Kohl and Feingold ask for answers on Wellpoint rate hikes

U.S. Senators Russ Feingold and Herb Kohl have sent a letter to Wellpoint President and CEO Angela Braly asking her to justify the recent hikes in insurance premiums for over 13,000 Wisconsinites, hikes which will be in the double digits here in Wisconsin. In their letter, Sens. Feingold and Kohl question if the increases in premiums are necessary, especially following a huge profit last year for the insurance company. According to the Wisconsin Office of Commissions of Insurance, Wellpoint intends to increase health insurance premiums for over 13,000 Wisconsinites who are currently enrolled in Blue Cross Blue Shield of Wisconsin Blue Access, Blue Economy, Blue Value, and Blue Preferred Plus plans.

“Last year, as 14,000 Americans lost their health insurance coverage each day, Wellpoint nearly doubled its profits and raked in $4.7 billion,” Feingold said. “Washington needs to find the courage to take on the special interests and act, because if it doesn’t, insurance premiums will continue to skyrocket and Americans will continue to be denied or dropped from coverage because of pre-existing conditions or because they change jobs. Wisconsin taxpayers and small businesses simply can’t afford the excessive premiums and higher out-of-pocket costs that are fueling insurance company profits instead of contributing to high-quality care for Wisconsinites.”

“Experts predict that health care premiums will double by 2020. That projection rings true when we hear about outrageous rate hikes like the one Wellpoint just instituted in Wisconsin, set to break the bank for thousands of Wisconsin families. This is the latest example of why we need to pass health reform legislation in order to make health care more affordable,” Kohl said.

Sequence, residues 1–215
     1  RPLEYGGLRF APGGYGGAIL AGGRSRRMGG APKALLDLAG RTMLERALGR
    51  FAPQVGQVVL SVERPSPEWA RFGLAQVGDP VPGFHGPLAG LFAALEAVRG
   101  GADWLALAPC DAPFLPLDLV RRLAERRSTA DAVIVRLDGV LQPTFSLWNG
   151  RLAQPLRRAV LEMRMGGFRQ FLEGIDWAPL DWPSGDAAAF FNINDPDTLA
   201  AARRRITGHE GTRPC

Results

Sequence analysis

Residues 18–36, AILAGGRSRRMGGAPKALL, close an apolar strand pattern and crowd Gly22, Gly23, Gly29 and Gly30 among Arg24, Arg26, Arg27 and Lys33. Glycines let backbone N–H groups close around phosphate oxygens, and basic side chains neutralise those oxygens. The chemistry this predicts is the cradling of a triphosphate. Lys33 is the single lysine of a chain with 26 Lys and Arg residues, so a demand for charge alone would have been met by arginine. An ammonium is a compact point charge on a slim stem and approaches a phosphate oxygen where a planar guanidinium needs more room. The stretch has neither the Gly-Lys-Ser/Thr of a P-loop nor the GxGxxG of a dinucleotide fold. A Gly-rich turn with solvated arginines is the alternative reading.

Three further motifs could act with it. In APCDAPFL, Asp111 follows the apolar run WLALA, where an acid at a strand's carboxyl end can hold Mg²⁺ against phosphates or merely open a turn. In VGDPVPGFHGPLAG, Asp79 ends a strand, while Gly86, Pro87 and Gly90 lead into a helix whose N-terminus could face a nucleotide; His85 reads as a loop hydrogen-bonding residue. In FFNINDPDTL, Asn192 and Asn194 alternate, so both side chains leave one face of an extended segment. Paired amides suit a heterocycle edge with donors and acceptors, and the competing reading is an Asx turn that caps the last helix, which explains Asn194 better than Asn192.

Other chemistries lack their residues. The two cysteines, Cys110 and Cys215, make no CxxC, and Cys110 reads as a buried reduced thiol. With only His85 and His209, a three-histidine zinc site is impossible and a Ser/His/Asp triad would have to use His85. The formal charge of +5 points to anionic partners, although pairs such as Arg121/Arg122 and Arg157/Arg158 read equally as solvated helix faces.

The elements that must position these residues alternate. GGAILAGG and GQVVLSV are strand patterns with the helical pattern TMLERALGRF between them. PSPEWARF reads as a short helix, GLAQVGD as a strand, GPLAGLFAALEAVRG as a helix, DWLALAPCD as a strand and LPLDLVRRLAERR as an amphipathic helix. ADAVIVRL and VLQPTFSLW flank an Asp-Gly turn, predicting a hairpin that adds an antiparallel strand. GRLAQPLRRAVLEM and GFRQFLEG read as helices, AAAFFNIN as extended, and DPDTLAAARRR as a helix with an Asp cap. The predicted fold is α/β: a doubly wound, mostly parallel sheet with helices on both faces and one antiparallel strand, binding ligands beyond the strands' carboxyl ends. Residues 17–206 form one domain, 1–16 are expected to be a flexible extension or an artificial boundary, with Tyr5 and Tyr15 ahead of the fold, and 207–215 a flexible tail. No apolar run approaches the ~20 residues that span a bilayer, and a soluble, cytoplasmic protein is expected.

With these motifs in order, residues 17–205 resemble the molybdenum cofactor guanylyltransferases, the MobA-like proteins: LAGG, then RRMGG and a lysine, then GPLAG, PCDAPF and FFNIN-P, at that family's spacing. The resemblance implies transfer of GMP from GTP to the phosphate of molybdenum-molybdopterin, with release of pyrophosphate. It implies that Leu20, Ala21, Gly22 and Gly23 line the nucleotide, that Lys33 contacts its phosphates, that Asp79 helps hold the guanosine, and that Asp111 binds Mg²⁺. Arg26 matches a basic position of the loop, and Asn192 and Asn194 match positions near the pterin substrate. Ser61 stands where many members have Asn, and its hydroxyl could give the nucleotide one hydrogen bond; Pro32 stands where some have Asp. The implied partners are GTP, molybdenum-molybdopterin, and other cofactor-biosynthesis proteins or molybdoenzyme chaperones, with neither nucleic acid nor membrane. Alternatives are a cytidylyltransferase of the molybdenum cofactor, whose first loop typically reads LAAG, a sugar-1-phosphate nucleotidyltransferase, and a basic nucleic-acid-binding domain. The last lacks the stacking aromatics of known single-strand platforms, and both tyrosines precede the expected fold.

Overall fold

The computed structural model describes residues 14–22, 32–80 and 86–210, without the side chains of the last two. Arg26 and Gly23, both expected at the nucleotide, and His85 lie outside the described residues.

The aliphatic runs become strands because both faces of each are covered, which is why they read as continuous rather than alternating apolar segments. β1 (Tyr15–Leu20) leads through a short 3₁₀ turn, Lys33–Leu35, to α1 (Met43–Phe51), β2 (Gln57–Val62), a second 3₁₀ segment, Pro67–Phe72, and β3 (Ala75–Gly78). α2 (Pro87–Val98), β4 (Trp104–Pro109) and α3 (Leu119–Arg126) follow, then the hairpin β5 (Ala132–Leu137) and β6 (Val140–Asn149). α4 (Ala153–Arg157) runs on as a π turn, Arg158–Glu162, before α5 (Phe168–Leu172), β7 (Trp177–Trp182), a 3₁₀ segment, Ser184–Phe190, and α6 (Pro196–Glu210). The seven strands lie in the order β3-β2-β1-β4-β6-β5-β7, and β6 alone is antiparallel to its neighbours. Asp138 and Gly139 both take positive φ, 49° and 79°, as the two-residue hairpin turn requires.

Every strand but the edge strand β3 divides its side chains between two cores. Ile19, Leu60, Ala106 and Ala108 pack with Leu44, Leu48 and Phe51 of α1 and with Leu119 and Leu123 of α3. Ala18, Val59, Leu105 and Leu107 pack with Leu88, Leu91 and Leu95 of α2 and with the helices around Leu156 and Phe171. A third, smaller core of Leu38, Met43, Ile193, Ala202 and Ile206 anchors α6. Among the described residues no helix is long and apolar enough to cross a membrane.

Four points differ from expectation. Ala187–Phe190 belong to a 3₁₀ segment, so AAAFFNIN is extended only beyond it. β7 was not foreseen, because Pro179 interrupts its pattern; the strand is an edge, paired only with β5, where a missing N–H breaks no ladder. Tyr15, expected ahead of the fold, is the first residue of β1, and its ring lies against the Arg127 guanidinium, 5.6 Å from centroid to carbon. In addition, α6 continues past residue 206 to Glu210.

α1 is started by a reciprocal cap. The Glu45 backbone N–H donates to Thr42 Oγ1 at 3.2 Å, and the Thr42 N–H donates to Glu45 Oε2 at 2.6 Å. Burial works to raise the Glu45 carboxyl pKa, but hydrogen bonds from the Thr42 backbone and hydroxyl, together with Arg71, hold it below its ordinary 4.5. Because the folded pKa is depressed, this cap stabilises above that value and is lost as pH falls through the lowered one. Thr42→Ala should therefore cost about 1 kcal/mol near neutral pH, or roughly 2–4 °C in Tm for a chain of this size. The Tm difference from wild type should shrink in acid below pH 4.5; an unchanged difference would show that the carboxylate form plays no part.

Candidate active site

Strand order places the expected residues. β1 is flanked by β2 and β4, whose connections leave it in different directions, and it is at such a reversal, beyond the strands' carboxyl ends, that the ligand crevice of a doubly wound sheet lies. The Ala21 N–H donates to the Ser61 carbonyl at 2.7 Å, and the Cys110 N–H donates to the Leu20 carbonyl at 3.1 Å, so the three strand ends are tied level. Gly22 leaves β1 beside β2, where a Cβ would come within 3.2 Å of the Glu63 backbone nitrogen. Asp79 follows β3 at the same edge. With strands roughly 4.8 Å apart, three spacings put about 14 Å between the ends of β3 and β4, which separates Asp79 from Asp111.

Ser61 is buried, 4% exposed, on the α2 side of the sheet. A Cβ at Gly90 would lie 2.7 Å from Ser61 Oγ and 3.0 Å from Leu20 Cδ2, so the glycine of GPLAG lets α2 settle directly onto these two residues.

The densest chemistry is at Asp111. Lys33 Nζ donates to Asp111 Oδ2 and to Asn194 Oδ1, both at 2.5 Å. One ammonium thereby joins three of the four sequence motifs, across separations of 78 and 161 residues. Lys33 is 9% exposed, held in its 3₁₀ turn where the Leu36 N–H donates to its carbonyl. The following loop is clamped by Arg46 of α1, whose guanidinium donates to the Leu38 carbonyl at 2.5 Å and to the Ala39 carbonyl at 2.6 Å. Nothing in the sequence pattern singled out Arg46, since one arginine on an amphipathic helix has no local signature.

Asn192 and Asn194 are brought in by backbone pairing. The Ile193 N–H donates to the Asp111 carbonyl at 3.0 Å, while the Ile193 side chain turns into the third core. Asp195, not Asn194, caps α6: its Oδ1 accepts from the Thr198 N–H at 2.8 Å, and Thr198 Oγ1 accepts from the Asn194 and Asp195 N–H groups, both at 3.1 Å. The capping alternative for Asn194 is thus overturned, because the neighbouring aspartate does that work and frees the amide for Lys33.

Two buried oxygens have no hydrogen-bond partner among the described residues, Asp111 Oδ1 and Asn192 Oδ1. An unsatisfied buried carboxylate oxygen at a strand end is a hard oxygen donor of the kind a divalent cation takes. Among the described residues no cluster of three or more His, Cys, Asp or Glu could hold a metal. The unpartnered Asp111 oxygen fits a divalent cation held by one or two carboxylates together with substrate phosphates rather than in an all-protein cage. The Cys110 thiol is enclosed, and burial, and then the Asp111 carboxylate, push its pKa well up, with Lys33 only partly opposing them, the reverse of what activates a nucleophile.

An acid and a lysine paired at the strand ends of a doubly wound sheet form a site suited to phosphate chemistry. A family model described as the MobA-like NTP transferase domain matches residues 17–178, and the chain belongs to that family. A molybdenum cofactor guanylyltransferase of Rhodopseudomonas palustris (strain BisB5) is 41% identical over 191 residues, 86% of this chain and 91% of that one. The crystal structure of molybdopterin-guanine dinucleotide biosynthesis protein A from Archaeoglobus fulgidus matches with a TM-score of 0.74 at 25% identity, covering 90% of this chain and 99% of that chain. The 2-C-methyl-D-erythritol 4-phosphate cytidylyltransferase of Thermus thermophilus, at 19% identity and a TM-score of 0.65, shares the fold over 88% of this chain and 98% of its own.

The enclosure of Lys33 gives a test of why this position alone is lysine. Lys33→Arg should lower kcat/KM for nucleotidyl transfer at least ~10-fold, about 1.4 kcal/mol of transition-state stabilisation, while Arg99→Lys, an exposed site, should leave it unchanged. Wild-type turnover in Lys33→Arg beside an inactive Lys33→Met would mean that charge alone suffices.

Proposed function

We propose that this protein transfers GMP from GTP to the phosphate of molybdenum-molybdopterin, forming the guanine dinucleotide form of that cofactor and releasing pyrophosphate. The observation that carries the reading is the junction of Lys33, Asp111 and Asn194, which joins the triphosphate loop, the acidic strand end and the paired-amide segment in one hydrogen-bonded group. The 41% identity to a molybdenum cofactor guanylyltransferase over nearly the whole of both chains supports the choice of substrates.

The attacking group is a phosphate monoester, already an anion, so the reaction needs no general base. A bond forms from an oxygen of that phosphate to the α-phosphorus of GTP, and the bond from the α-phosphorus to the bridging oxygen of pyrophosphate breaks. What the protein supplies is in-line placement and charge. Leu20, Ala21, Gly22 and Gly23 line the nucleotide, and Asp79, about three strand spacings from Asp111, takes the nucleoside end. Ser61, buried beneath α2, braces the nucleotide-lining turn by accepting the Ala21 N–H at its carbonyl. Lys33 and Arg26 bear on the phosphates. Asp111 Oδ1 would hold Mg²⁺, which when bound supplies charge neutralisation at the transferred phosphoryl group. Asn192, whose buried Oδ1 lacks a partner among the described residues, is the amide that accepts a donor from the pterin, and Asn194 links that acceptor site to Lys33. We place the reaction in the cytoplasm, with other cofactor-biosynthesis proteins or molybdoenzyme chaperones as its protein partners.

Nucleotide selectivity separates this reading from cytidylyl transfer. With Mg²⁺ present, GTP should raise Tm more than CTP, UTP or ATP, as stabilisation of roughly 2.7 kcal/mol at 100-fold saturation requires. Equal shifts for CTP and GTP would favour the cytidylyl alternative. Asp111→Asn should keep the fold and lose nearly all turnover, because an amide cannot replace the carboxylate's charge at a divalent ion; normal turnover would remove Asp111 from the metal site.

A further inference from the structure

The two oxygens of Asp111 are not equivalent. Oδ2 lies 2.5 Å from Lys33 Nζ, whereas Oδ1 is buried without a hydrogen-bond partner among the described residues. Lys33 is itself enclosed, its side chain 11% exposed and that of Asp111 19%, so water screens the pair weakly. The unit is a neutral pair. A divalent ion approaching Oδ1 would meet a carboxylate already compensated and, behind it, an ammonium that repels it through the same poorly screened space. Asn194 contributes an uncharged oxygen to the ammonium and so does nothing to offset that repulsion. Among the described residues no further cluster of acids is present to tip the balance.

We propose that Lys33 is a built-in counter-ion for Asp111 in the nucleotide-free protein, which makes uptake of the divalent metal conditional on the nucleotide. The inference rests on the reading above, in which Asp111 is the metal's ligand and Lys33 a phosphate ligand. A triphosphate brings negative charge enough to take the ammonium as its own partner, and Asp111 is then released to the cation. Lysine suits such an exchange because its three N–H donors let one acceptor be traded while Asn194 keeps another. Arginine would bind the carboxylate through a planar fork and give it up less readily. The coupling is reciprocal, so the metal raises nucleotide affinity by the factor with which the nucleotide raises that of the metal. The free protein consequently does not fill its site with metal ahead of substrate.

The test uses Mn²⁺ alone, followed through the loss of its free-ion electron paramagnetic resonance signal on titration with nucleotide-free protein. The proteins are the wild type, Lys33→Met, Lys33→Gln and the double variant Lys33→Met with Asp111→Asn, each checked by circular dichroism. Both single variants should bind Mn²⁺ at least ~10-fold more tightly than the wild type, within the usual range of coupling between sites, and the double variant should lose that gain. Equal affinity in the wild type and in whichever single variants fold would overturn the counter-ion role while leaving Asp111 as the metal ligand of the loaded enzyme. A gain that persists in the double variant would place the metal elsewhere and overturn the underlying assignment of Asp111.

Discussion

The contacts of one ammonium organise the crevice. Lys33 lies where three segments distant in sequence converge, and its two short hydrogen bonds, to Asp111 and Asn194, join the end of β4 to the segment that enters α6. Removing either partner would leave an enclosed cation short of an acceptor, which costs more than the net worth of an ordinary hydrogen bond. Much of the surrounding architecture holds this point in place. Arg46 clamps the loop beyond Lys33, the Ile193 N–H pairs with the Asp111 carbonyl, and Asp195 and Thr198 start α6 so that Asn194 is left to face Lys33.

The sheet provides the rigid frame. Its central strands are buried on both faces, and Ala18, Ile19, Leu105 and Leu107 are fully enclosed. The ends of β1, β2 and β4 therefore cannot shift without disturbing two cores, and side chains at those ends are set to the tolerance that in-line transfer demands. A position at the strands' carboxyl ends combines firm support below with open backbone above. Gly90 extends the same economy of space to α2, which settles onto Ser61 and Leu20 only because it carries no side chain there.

Click HERE to view a copy of the entire letter.


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4 thoughts on “Kohl and Feingold ask for answers on Wellpoint rate hikes

  1. Zach:

    It may not be popular to point out, but all insurance premiums are a reflection of medical care costs, not a driver of them. Premiums increase, in general, due to increased usage (aka claims), increased charges from providers (in part to cover under payments by government entities), and a decrase in the pool of the insured.

    In this case, all 3 facotrs occured in the same year. Costs of care rose, the pool of insured dropped, and usage increased.

    As for the profits reported by Wellpoint, a significant portion of that $4+ billion was due to the sale of the pharmacy unit to another entity, and not from premiums. Furthermore, the specialty lines of business (Life, STD, LTD, Dental, Vision, Workers Comp, etc.) contributed the vast majority of the remaining profits.

    In general, medical insurance is not highly profitable on its own. The margins are 2% or less in good years. Wellpoint relies on the sale of multiple lines of business in specialty domains to support the offering of Medical coverage at the lowest possible costs while remaining profitable on the whole.

    As a point of comparison, Wellpoints 2% – 4% corporate profit margin is considerably smaller than that of Coke and Pepsi, which enjoy a corporate profit margin of almost 60%, for a p[roduct that has almost zero redeeming value incomparison to health insurance.

    Please understand that Wellpoint is a publicly traded for profit entity, and requires profit to remain in opperation. That profit however, is very minimal as a percentage of revenue for an entity of its size. Were Wellpoint to reduce profitability further, it would not have cash reserves to absorb an unexpected spike in claims, risking the viability of coverage to ALL of its members.

    Thanks for your time.